Is Traffic Congestion Leading to the Resurrection of Trolley Cars and Trams in Large Cities ?

I saw a Blackpool tram on the Embarcadero in San Francisco today. The destination on the side said “Tower“. At first I was dumb-struck and then I thought “That’s a bloody long way on a tram!”

I particularly liked the description of San Francisco’s Blackpool tram on the Market Street Railway website Every time I read it I hear Fred Dibnah‘s accent.

In England, “trolleys” are shopping carts. This is a “tram” and a special one at that….”

The tram drivers on the newly extended F-line that runs the length of Market Street and then along the Embarcadero to Fisherman’s Wharf seem to like this tram. At lunchtime they park a few trams outside the newly renovated ferry building at the end of Market Street and all sit in the Blackpool tram to chat and eat. It really is quite a site. It’s even illuminated! For those who don’t know the Blackpool illuminations are a national institution in the UK and date back to the days when electric street lights were such a novelty that people would travel miles to see them.

Anyway all this got me thinking about trams and more particularly their rise, fall and recent resurrection as a serious form of public transportation.

In the UK Trams were introduced in the late 1800′s. Manchester, for example, had its first horse drawn tram in 1877. Steam power was tried for a while but rapidly replaced with electricity at the turn of the century. By 1927 British tramways as a whole operated 14,481 cars on 4110 km of track. The internal combustion engine soon proved a more flexible power source. Busses did not require expensive track or electrical power supply systems and private automobiles delivered the ultimate in personal transportation flexibility, not to mention increased social standing. After the second world war the automobile came within the financial reach of the average person and the trams were slowly phased out. The last tram in Manchester ran in January 1949, on the Manchester to Hazel Grove route. Its number was 1007.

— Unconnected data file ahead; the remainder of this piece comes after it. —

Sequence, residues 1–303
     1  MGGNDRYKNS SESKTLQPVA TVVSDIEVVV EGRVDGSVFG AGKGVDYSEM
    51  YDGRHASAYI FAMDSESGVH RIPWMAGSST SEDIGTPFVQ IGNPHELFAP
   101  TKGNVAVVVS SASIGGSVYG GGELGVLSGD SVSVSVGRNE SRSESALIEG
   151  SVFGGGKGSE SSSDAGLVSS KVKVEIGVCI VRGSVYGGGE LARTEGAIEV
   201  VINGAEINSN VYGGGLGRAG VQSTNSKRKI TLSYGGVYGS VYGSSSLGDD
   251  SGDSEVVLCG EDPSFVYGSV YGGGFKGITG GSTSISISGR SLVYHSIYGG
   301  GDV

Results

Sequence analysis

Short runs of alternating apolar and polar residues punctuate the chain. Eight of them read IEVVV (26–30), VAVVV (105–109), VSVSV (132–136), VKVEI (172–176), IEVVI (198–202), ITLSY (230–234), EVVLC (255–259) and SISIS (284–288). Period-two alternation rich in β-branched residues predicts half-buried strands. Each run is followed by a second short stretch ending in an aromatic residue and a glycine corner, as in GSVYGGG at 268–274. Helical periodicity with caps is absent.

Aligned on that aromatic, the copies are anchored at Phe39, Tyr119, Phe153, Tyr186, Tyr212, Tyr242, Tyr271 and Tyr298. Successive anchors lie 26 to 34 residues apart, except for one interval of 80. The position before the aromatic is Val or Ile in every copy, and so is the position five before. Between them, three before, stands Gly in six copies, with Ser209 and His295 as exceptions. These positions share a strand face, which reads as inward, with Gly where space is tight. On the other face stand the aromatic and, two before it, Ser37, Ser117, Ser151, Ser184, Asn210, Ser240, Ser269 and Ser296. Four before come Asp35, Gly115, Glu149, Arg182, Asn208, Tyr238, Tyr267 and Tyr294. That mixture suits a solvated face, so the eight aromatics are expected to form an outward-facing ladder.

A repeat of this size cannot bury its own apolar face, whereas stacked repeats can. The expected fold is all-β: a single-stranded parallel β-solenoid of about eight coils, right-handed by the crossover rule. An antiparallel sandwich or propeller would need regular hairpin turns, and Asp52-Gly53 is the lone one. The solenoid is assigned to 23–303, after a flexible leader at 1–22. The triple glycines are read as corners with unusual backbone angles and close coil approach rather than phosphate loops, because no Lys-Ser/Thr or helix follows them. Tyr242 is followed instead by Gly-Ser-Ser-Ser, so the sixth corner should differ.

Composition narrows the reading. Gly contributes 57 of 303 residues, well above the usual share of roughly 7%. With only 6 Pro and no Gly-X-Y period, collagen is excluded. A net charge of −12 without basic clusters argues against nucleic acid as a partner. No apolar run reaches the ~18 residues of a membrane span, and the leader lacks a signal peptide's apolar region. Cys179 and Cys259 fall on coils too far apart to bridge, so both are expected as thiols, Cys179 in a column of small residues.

By the 1970′s and 1980′s the automobile had became ubiquitous in many cities in the developed world. These cities became severely congested during the morning and evening rush hours. The virtues of the old trams that had been scrapped in the 1950′s slowly became self-evident. A well organized and run public transport system based on trams can carry greater numbers of people with more efficiency in and out of major cities than open access to private motor cars can support. This is definitely true of the relatively compact cities developed before the motor car but the sprawling cities developed since its invention, like Los Angeles and Phoenix, can probably never be saved.

Trams returned to Manchester with the opening of the Metrolink in 1992 the first test run through the City streets was made by vehicle number 1007. The Metrolink has proved so successful that other UK Cities are following Manchester’s lead and reviving tram systems.

railway-technology.com
lists 41 current light railway systems being built in cities around the world.